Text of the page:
From: Carl W. Brown (firstname.lastname@example.org)
Date: Sat Apr 10 2004 - 10:31:03 EDT
> Rick Cameron wrote:
>> IMHO, that's a bit misleading. The String class
>> itself does not appear to be
>> aware of SMP characters. It clearly uses
>> UTF-16, and the length it reports
>> is the number of code units, not the number
>> of characters or graphemes in the string.
> There is no contradiction between using UTF-16 (or UTF-8) and
> handling all of Unicode. The same is
> true for ICU where we kept 16-bit strings to not break our users
> but started handling supplementary
> characters in 2000. Everyone else is going down that path when
> supplementary characters become
> important to them and their users. Java 1.5 is on its way there.
I found that in most cases the most important thing to know about length is
the number of code units because in most cases you are concerned about
buffer sizes. If you really need to know the number of real characters then
it is easy to test. What does the number of characters actually mean to
your applications when characters vary is size, are combining, etc. How
would you use the number of characters in a program that supports Japanese,
Thai and Arabic?
I did however find that variants of srtncpy, strncat etc that will only copy
whole characters is a useful tool. The function will return the number of
code units actually copied instead of a string pointer which you already
have. It is especially nice for C programs to add a null to the end if you
end up with unused code units. For example if I copy 200 code units to a
buffer it will only copy 199 if the 200th is a leading surrogate and the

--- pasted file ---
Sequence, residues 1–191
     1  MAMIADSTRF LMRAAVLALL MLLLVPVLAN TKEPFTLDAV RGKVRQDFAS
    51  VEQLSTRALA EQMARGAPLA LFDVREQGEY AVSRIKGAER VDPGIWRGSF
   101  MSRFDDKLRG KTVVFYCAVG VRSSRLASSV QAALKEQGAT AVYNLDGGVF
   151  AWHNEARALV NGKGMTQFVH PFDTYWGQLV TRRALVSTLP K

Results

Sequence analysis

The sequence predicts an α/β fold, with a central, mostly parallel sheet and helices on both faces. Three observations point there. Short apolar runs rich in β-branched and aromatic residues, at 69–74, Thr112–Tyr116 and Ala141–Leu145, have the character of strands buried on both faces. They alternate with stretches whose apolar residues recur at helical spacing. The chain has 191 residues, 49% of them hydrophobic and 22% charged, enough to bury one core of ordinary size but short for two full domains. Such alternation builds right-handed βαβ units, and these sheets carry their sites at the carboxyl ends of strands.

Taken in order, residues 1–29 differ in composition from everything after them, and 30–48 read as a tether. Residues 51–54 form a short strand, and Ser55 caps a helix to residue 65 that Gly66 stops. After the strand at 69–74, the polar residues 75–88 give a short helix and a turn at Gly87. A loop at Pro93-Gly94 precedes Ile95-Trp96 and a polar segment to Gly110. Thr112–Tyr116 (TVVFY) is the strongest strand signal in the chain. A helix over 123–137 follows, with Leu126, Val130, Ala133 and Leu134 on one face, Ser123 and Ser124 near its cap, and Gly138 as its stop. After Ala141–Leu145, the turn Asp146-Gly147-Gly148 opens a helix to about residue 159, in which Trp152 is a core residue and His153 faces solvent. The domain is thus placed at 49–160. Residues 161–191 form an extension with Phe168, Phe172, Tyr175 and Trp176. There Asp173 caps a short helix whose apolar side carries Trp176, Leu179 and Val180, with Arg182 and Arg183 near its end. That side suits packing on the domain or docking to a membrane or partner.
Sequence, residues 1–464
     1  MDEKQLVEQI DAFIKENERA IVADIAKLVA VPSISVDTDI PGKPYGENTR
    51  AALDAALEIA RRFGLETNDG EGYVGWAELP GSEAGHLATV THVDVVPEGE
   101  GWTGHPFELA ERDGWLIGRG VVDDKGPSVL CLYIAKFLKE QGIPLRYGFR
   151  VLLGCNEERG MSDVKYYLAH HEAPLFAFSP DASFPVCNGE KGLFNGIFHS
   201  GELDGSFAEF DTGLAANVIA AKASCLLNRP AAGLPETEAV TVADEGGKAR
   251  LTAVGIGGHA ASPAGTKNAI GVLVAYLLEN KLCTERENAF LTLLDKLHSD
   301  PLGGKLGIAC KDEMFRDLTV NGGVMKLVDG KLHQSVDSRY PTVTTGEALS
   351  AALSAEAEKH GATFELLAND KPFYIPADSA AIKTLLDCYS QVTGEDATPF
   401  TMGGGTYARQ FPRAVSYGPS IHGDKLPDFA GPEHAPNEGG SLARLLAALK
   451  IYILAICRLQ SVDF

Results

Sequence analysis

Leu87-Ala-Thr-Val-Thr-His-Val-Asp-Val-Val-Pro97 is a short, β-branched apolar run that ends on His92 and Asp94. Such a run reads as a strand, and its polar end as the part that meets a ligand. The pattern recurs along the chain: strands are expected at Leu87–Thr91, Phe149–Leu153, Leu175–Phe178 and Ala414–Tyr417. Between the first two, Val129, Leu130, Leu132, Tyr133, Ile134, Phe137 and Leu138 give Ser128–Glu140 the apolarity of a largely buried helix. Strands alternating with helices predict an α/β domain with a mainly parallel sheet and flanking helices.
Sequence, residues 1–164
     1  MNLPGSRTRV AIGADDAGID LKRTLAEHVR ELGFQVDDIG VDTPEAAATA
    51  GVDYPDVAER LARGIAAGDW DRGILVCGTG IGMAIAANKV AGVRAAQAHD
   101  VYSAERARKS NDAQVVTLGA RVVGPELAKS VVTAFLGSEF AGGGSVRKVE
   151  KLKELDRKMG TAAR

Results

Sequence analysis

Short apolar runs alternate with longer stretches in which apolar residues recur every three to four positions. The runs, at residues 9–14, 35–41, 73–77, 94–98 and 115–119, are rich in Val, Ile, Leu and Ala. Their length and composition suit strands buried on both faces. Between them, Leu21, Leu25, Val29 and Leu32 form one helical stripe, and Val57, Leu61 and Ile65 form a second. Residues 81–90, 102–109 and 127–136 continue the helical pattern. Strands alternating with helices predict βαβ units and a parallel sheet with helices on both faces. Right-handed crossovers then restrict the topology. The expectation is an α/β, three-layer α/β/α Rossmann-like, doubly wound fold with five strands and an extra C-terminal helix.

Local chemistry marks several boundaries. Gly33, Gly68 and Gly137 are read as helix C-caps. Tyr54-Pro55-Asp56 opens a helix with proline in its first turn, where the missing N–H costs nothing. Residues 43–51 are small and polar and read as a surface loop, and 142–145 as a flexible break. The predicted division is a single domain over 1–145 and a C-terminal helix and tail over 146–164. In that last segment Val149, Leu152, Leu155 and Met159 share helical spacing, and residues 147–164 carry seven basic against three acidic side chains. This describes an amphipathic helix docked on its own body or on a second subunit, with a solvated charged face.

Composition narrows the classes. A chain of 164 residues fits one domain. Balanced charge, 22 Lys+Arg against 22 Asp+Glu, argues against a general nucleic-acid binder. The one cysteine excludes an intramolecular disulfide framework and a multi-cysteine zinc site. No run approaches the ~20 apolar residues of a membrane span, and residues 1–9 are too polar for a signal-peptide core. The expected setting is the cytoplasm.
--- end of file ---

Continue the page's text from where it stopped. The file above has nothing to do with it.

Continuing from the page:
will insert a null in the buffer instead of the leading surrogate so that if
your application sticks a null in the 201th code unit you will still have a
valid sub string.
This is even more important with character sets like UTF-8 if you do not
want to split characters across buffers.
> > Does anyone know of a String class, in C++, Java or .NET, that hides the
> > actual encoding used, and provides a public API based on code points?
> Possible, but that would be inefficient. If you have
> a mismatch between your API semantics and your
> implementation on such a fundamental level, then you
> incur a performance penalty. Either you
> increase your operation time because you have to
> translate indexes on the fly, or you increase your
> memory use because you have to keep and maintain a map.
> You can optimize it, of course, especially
> for UTF-16 where surrogate pairs will be extremely
> rare, but there is very little point in not
> indexing 16-bit code units.
I think and ICU has demonstrated that there are algorithms that are very
efficient that provide code point compares for UTF-16 data. This solves the
problem of processing in UTF-16 and using a UTF-8 database or the other way
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